Hidden down alleyways and in the nooks and crannies of Manchester’s walls, in the heat of yesterday two local artists were busy squirreling away precious pieces of art to brighten the days of their fellow Mancs.
Michah Purnell, a text-based artist well known for the typographic work that took over Wembley Park during the Euros, and Rachel Ho, a ceramicist inspired by the Japanese art of Kintsugi, have each created 120 miniature pieces for the public to find in the city over the coming week.
These come in the form of gold-scarred ceramic pots, deliberately slashed and filled with gold lustre, and a series of oak engravings that read ‘You Are Enough’ – a phrase of Micah’s that has frequently appeared on giant banners and billboards across Manchester in recent years.
The scarred pots were originally inspired by a dear friend of Rachel’s who was diagnosed with breast cancer. Rachel wanted her to know that her scars were beautiful because they told her story which was one of courage, hope and healing.
From now to 29 July, the artists will each be going out daily to conceal their pieces in hard-to-spot places in the hopes they will be found and kept as gifts by the people of Manchester.
Each piece will also be accompanied by an invitation for the finder to share the circumstances in which it was found and how the discovery of the piece resonated with them.
Although the trail has only been going for a day, there are already comments – all anonymous – on the website from people who have discovered the pieces.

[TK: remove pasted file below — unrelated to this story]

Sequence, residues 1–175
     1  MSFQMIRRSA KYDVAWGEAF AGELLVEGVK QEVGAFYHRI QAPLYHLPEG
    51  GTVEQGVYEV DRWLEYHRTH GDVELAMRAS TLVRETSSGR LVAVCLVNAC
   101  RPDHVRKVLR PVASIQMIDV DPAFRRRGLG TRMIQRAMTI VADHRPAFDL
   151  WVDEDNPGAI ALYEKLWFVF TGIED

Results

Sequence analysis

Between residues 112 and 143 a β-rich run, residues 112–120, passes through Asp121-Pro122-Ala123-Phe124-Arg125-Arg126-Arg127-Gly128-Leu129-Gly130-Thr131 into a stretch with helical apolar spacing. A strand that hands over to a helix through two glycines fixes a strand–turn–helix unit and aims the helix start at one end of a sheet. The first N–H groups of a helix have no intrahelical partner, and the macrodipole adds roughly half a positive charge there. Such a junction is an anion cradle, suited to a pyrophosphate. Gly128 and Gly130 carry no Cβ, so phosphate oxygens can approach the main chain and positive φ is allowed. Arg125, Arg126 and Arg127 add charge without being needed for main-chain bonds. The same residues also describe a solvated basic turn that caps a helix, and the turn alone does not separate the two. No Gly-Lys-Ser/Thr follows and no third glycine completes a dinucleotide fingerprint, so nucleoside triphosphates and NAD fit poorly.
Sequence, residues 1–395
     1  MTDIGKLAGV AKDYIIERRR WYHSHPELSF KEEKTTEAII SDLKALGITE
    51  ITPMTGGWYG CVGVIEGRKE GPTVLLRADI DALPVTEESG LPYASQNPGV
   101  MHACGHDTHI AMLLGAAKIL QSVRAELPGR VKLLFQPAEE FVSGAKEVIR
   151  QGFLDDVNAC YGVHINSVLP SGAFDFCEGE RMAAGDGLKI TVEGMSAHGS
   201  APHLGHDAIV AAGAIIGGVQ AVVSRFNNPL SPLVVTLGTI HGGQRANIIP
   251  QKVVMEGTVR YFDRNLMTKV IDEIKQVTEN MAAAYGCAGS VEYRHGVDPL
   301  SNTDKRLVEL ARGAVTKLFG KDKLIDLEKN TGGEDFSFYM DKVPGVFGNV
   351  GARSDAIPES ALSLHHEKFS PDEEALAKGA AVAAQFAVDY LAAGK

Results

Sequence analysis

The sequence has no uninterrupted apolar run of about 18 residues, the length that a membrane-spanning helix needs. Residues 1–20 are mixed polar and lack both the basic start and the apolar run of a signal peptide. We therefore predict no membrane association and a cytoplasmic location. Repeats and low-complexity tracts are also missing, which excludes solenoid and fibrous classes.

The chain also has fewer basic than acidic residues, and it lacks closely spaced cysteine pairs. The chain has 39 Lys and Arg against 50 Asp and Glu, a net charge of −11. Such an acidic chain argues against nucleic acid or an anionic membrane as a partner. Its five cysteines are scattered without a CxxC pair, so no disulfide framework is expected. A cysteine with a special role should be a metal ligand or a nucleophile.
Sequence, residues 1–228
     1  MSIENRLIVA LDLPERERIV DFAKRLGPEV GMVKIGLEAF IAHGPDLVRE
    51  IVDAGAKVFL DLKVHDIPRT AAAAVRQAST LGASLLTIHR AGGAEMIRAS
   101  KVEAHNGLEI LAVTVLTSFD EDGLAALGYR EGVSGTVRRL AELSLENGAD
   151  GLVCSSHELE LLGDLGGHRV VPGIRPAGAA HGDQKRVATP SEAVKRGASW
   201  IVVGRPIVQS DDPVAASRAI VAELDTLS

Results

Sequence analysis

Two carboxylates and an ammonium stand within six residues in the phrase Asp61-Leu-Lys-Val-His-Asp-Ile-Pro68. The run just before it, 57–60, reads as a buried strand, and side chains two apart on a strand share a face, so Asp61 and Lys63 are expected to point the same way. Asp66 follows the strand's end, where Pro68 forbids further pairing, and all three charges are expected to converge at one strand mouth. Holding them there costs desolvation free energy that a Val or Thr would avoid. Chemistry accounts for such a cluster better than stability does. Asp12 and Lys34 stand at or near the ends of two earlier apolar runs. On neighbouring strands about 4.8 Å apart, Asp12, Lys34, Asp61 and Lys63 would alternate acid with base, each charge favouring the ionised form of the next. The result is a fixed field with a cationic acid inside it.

One person shared how Rachel’s scarred pots gave them comfort as they healed from breast cancer surgery, writing: “The scarred pot, an ingenious project. It resonated with me as I continue to embrace my recovery and healing from recent breast cancer surgery. Thank you!”
Another said: “I love the ridges I can feel from it being thrown on the wheel, and the brightness of the gold-filled scar. The scars of my depression are invisible, but still a part of who I am. Thank you, for brightening up my day.”
The project aims to help people feel seen and less alone, to recognise we all have our daily battles and to create a sense of hope and healing.
The Passion Art project, entitled ‘Gift to the City’, is dedicated to founder Lesley Sutton, who, after five years of living with terminal illness, is drawing very close to the end of this life.
Lesley founded Passion Art to build bridges between sacred and secular spaces through art. She is as beautiful in dying as she has been in living.
Speaking on the project, artist Micah, whose clients include The Guardian, Elbow and the NHS, said: “I hope the phrase You Are Enough will help people to cut themselves some slack from the ever demanding voices in society and recognise the spark of beauty in themselves.”
“My work is a lot about togetherness and self-worth. The oak reminders are made by Chapel-in-the-fields who use wood as a vehicle to work with people who have mental health vulnerabilities.”